Showing posts with label data center. Show all posts
Showing posts with label data center. Show all posts

Thursday, November 18, 2010

Impact of IT Upgrades on Energy Usage and Operational Costs

With energy costs skyrocketing, it is becoming increasingly important that data center operators incorporate energy efficiency savings without sacrificing performance. In answer, the market has been flooded with various facility and product design techniques promising energy efficiency savings. But how well do they actually work?

To find out, our team at PTS upgraded the IT systems within our own facility and operations in order to validate the energy efficiency savings estimates.

Our first step was to create a baseline to measure the IT performance, capacity, and energy consumption. Next, we redesigned our IT systems with the goal of reducing energy consumption. We also wanted to increase the capacity without sacrificing performance. Lastly, we measured results to assess confirmation of the expectations.

In the end, we consolidated our sever footprint by 60% and reduced IT energy consumption by 24%, yielding a 26% drop in facility power consumption.

Our conclusion is that these results are not anecdotal in that the energy savings realized as a result of this study are completely scalable with larger, more complex data center and computer room facilities. Additionally, these energy savings may be realized without sacrificing IT performance and systems availability, while improving overall systems capacity.

To find out the details of our systems redesign and what specific strategies yield the best results, read our complete white paper “Impact of IT Upgrades on Energy Usage and Operational Costs” [PDF].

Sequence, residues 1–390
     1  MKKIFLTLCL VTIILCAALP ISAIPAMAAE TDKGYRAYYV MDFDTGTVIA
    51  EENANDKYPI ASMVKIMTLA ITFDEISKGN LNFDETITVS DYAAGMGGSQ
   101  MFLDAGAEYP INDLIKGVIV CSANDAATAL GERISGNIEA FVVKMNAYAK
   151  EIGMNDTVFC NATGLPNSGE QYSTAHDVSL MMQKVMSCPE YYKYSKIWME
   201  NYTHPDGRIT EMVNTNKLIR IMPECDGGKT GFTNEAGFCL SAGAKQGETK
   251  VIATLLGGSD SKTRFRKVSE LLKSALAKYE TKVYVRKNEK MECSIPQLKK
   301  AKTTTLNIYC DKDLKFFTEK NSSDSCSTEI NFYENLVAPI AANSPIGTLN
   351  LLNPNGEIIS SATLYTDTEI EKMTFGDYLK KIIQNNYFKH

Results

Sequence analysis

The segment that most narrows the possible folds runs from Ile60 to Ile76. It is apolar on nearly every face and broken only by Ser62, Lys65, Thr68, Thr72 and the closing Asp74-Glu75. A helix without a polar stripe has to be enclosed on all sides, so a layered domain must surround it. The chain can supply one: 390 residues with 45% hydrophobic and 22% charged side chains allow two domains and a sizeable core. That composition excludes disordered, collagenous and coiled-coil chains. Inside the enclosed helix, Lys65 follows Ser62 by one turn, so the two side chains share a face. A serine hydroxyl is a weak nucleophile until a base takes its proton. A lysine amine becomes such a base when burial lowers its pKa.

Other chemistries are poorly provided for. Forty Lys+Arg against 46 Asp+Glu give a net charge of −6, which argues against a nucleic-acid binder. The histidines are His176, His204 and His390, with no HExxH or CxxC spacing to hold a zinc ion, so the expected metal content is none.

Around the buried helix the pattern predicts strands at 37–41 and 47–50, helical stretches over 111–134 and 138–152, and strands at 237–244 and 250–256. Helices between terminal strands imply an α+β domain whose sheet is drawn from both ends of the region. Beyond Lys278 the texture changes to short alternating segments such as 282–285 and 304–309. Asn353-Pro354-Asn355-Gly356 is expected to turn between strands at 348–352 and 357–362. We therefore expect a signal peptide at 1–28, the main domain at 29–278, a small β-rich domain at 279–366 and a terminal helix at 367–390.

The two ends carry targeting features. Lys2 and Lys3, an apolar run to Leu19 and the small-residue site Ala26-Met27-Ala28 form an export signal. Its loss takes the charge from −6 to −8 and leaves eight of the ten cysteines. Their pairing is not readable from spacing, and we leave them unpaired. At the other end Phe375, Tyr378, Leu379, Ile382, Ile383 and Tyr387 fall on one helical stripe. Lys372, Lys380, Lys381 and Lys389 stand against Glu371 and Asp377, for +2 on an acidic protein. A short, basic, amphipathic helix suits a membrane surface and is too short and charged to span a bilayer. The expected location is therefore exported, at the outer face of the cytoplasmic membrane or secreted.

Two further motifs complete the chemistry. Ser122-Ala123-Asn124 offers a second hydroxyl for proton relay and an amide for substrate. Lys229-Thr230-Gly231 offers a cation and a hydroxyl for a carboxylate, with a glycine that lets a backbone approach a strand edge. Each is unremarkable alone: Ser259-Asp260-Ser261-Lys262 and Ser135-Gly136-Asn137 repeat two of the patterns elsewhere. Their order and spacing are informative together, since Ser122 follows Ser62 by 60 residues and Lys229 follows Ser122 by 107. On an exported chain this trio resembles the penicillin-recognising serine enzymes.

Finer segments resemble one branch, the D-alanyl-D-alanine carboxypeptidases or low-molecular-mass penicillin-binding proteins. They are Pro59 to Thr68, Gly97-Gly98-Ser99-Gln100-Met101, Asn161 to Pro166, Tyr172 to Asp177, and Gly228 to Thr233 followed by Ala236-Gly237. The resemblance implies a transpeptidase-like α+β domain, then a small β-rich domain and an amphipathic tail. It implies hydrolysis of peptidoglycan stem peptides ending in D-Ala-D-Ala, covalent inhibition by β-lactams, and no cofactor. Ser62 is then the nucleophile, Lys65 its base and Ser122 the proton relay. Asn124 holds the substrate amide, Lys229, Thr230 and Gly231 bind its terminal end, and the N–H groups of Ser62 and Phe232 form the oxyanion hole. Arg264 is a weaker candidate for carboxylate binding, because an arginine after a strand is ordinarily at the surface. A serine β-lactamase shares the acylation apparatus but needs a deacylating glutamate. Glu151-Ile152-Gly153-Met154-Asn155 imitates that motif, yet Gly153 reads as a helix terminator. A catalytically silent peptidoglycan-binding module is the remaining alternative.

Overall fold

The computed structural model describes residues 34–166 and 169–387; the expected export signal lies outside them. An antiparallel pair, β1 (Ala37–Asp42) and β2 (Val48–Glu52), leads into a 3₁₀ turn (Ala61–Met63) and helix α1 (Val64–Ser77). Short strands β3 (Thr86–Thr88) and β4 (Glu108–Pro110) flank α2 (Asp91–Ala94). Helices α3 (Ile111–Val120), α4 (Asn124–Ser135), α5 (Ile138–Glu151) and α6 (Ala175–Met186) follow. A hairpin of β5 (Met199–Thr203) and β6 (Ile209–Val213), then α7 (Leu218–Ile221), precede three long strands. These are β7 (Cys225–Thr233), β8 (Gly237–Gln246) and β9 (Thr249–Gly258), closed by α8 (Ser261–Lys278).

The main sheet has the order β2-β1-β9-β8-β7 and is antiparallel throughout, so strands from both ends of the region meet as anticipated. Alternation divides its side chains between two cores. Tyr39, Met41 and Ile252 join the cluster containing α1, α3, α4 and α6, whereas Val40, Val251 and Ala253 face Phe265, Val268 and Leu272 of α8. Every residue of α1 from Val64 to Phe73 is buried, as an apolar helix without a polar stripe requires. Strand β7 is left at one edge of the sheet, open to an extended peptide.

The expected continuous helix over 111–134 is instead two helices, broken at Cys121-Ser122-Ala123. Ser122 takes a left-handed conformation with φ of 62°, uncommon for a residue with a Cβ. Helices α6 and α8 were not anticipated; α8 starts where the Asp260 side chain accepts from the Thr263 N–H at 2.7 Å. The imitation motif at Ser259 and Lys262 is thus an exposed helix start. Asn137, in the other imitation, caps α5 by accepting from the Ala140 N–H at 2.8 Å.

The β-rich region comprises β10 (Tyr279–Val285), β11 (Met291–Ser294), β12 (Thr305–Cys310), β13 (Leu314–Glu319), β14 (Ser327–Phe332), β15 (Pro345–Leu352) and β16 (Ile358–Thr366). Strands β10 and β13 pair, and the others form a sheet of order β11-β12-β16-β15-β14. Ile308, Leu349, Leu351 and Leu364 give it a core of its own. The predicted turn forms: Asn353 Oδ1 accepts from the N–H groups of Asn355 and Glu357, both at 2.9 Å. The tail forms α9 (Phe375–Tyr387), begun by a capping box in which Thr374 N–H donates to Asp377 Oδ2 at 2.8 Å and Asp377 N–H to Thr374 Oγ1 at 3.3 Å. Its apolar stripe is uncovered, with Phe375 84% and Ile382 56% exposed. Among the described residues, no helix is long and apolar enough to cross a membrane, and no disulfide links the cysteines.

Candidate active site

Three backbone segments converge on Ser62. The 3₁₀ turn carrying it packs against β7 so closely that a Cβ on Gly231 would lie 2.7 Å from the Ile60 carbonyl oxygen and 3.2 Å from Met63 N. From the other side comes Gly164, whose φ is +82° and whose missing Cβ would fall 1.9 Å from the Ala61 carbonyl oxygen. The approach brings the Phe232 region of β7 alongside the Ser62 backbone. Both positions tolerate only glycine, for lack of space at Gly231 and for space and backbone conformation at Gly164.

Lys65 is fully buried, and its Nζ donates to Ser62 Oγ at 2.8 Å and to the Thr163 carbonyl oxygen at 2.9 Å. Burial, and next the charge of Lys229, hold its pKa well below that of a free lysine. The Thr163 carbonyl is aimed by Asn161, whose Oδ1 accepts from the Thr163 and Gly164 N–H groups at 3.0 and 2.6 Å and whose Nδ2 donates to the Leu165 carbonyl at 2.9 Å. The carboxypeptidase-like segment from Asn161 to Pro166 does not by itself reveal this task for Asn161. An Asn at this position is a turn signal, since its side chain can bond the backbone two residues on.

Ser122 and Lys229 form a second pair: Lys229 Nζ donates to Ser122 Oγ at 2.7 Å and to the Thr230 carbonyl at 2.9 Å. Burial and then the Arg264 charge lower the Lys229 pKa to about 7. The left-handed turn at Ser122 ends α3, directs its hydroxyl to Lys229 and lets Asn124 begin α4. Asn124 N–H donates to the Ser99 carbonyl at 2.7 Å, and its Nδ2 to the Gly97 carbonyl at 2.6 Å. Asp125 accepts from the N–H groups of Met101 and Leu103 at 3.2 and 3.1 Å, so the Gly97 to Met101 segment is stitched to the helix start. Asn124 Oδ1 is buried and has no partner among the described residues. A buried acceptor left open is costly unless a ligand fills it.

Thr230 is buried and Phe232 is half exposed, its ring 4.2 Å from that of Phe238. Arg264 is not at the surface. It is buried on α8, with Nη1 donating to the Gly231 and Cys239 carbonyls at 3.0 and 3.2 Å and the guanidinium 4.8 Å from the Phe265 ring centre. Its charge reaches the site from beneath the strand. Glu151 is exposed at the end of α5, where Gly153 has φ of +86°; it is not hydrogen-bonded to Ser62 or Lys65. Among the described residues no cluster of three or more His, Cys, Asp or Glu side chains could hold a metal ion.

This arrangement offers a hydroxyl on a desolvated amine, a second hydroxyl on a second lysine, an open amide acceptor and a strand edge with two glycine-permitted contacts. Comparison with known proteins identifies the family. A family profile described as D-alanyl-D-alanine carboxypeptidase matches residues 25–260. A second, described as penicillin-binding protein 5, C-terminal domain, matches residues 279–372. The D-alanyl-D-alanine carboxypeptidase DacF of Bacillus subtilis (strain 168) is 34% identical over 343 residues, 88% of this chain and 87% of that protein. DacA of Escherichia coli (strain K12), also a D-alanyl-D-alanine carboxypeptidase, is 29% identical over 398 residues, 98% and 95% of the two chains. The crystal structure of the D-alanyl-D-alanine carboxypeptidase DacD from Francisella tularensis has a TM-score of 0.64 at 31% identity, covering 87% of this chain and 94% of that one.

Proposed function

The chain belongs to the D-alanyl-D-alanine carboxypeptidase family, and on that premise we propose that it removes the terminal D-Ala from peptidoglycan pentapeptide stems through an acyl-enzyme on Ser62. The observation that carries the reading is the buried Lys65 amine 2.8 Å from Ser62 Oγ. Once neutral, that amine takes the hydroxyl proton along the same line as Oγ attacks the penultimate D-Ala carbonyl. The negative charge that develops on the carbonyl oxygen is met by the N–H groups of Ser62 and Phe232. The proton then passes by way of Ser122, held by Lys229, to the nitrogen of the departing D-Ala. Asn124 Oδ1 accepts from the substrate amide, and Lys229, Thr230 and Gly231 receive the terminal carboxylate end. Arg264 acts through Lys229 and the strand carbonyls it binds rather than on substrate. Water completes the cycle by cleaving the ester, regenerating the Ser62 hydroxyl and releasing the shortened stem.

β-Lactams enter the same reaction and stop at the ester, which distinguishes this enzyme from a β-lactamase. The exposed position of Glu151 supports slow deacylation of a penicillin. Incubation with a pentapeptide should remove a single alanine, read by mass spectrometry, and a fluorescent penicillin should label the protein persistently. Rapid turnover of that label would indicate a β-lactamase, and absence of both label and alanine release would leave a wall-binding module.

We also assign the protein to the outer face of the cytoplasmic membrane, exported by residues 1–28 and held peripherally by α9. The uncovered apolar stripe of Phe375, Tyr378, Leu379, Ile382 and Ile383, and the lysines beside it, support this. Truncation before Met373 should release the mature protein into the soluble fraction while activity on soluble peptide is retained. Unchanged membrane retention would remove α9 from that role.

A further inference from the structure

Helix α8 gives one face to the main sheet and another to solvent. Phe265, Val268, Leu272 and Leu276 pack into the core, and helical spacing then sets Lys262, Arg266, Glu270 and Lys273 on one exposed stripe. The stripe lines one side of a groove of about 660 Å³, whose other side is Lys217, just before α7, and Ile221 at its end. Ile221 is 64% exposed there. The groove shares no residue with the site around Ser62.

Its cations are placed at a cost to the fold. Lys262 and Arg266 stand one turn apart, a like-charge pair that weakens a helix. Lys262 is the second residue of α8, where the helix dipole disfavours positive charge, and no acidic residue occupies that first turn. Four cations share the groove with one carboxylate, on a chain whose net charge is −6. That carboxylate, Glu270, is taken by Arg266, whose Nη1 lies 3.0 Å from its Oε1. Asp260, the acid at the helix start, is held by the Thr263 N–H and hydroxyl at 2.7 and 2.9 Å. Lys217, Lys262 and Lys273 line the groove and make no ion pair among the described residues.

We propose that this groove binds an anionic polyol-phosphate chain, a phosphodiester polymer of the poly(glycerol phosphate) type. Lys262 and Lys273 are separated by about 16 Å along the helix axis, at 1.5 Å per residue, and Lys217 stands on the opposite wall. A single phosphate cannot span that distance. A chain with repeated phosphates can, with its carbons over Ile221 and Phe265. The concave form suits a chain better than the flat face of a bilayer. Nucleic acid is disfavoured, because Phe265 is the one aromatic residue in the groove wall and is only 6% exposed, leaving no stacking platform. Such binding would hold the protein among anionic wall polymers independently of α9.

Tuesday, May 25, 2010

PTS Education & White Papers

Looking to continue its tradition of providing content-rich educational materials for data center managers through its website, PTS has significantly upgraded its white paper section. As we continue to add our own industry-specific content through white paper development, presentations at numerous industry events, discussion threads on the PTS blog and through the LinkedIn Computer Room Design group, we strive to stay up-to-date on the latest facility- and IT-related trends.

To that end we have revamped our media library (registration required). Now you can find relevant educational papers by facility, IT or specific topics including: Consolidation, Cooling, Financial, General, Management, Network, Power, Safety, Security, Servers, Storage, and Virtualization. Interesting white papers to add to your reading list include:

Proper Sizing of IT Power & Cooling (by Green Grid). Between 2000 and 2006, energy requirements for data centers doubled, and they are on track to double again by 2011. In the same time period, typical per-rack heat densities went from 1 kW to 7 kW, and they are estimated to exceed 20 kW per rack by 2010. This places tremendous importance on a data center facility planner's ability to properly budget for future power and cooling infrastructure requirements. Today's energy costs and efficiency demands necessitate a more accurate method of determining those requirements. This white paper has been developed to introduce the reader to the many new and highly accurate software tools available for estimating power and cooling capacity requirements. Click here for the full white paper.